At Woodford’s firm, the damage is that much more severe because the firm is built entirely on his investing acumen. The son of a postcard printer, he stumbled into fund management after completing a degree in agricultural economics. His first role running money was at Eagle Star Insurance Group in 1987 before moving to Invesco the following year, where he would make his reputation with contrarian bets.
He kept dot-com stocks out of his portfolio at the turn of the millennium, and before the financial crisis in 2008 he began building stakes in defensive stocks like British American Tobacco Plc and GlaxoSmithKline Plc, while eschewing banks. Despite rocky periods -- he declined to buy back those bank stocks before the post-crisis rally, for example -- Woodford maintained an imperious reputation, particularly among retail investors.
As his stature in the U.K.’s business community grew, so did his influence. In 2012 he publicly criticized the proposed merger of aerospace giant BAE Systems Plc and French rival Airbus SE (then known as EADS), helping to torpedo the deal.
In 2013, Woodford announced he would leave Invesco to set up Woodford Investment Management Ltd. He oversaw about 33 billion pounds in assets at the time of his departure, and big chunks of that followed him out the door. St James’s Place Plc, the U.K.’s biggest wealth manager, removed 3.7 billion pounds from Invesco and pledged it to Woodford’s firm even before it was started.
The move endowed Woodford with more freedom and allowed him to invest in smaller, less-liquid and even unlisted stocks. It was these investments that would eventually lead to the suspension of redemptions from the fund, as Woodford found himself unable to sell those holdings quickly enough to return money to clients.
Though he made his name in blue-chip stocks at Invesco, unshackled by the strictures of corporate bosses he indulged his venture capitalist instincts in the biotech, life-science and health-technology industries particularly.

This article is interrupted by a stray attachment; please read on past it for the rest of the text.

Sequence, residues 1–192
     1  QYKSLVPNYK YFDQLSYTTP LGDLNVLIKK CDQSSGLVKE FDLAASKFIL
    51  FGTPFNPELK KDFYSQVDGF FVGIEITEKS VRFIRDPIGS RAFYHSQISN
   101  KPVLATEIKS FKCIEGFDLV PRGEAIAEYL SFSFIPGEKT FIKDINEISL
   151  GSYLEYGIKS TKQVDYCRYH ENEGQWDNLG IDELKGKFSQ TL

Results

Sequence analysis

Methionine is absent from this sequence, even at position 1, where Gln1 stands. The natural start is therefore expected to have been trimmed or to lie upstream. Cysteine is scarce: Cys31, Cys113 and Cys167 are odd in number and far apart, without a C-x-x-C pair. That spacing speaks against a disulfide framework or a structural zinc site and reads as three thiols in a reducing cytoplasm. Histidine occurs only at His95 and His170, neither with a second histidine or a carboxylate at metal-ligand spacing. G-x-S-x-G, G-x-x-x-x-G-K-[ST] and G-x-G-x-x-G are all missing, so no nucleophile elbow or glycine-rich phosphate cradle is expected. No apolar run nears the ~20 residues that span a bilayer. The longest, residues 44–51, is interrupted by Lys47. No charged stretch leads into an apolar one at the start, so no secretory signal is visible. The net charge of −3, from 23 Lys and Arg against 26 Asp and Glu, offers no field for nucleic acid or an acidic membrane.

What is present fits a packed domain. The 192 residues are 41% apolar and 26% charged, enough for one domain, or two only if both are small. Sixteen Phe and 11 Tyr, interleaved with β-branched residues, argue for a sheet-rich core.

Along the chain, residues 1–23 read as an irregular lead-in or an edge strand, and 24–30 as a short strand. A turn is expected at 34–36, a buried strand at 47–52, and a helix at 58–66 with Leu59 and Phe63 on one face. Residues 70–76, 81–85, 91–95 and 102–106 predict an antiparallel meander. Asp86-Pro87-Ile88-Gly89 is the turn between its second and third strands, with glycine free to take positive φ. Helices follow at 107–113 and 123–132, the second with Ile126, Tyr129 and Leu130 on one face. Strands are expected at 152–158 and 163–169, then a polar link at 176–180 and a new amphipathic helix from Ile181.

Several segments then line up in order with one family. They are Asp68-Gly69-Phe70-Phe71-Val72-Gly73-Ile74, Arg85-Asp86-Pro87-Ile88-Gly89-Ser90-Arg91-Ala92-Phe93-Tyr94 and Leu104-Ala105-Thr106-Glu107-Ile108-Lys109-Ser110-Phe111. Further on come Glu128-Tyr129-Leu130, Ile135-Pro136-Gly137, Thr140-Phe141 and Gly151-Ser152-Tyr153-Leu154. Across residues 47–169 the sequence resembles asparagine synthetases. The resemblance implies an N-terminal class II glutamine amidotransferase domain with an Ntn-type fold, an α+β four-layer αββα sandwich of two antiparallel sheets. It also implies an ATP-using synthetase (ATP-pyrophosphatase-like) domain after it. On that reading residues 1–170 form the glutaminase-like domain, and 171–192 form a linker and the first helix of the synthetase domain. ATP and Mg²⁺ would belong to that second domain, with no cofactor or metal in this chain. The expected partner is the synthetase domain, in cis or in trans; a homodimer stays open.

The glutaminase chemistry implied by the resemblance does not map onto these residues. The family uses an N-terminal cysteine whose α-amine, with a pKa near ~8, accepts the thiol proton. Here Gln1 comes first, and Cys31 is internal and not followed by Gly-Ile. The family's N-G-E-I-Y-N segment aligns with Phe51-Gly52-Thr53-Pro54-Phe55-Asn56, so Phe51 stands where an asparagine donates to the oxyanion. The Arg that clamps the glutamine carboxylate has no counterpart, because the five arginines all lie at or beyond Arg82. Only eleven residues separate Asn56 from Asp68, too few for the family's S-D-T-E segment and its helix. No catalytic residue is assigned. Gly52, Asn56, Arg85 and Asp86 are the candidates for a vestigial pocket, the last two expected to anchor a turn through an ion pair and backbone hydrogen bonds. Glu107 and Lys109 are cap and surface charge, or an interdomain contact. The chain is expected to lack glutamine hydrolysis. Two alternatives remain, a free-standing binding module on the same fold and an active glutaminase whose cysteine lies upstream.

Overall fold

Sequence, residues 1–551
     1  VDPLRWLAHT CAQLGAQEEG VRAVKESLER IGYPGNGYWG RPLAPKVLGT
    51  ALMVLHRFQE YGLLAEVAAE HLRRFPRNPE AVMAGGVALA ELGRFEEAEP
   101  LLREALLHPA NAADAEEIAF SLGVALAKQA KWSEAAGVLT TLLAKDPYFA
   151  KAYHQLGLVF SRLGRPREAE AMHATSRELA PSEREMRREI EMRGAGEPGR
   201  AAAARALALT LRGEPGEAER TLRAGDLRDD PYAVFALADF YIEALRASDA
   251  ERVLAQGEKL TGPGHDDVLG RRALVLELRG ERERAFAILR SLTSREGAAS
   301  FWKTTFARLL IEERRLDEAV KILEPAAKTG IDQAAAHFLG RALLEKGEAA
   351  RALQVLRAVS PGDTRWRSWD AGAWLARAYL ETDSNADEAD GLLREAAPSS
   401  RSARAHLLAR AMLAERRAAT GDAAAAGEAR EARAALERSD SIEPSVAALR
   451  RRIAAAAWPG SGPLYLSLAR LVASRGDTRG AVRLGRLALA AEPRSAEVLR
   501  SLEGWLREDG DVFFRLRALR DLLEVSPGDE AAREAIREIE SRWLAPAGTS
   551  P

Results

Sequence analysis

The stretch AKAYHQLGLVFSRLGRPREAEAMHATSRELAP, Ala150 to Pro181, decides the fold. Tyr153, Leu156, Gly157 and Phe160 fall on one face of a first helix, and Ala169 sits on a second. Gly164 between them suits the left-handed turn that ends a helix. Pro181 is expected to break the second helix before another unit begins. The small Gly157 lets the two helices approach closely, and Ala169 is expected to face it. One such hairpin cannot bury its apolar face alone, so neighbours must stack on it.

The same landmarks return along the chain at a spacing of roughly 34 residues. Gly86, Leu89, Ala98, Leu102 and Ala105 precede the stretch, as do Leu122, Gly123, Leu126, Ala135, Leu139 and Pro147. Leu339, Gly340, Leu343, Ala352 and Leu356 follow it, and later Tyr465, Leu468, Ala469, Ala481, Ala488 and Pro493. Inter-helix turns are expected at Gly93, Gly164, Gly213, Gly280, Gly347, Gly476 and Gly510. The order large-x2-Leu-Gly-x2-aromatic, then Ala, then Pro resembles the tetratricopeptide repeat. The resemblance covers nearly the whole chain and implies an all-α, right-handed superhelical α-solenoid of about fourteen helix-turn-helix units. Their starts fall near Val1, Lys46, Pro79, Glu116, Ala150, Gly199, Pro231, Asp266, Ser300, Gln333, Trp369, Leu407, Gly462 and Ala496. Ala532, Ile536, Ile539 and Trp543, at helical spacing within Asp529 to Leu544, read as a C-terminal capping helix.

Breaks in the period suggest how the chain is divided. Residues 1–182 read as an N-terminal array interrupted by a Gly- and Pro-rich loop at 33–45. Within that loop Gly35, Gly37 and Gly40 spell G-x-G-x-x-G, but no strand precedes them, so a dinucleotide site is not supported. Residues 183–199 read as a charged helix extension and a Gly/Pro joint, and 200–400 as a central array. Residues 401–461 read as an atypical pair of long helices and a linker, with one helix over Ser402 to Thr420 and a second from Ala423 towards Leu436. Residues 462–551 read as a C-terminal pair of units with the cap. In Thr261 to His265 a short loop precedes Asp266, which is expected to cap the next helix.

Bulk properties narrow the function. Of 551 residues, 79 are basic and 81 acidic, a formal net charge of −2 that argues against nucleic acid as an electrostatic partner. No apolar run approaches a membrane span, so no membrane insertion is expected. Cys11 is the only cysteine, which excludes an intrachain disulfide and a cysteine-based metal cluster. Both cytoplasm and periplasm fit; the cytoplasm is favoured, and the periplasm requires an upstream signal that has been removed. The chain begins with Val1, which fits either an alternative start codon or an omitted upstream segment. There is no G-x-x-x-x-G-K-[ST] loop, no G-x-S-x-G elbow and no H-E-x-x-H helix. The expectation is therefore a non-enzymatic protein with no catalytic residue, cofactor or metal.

“I strongly believe that investing in early-stage technology businesses can add meaningfully to the long-term performance of the fund,” Woodford wrote in a blog post shortly before opening his Income Fund. There was a lack of investment in early stage companies and patient capital, long term money willing to wait for a company “to blossom”, he wrote.
Usually, money managers who want to invest in unlisted companies use fund structures where investor money is locked up for long periods. Woodford’s equity income fund is a more traditional mutual fund, but it’s allowed to have up to 10% of its holdings in unlisted stocks, according to European rules.
After an impressive 16% return in 2015, the fund’s performance dropped below peers, leading many investors to pull money. As they cashed out, Woodford was forced to sell more liquid holdings, leaving remaining clients with harder-to-sell assets. When a pension fund for the council workers of an English county asked for its roughly 260 million-pound investment back, Woodford had little choice but to halt redemptions to prevent a firesale.
A redemption freeze is designed to allow for an orderly sale of assets, but for investors and supporters it was the last straw. Hargreaves Lansdown, the U.K.’s largest listed fund broker and a long time backer of Woodford, removed his funds from a list of favorites. The mandate from St. James’s Place that had followed Woodford out the door from Invesco was also pulled.
(Updates with comment from investment platform in 8th paragraph.)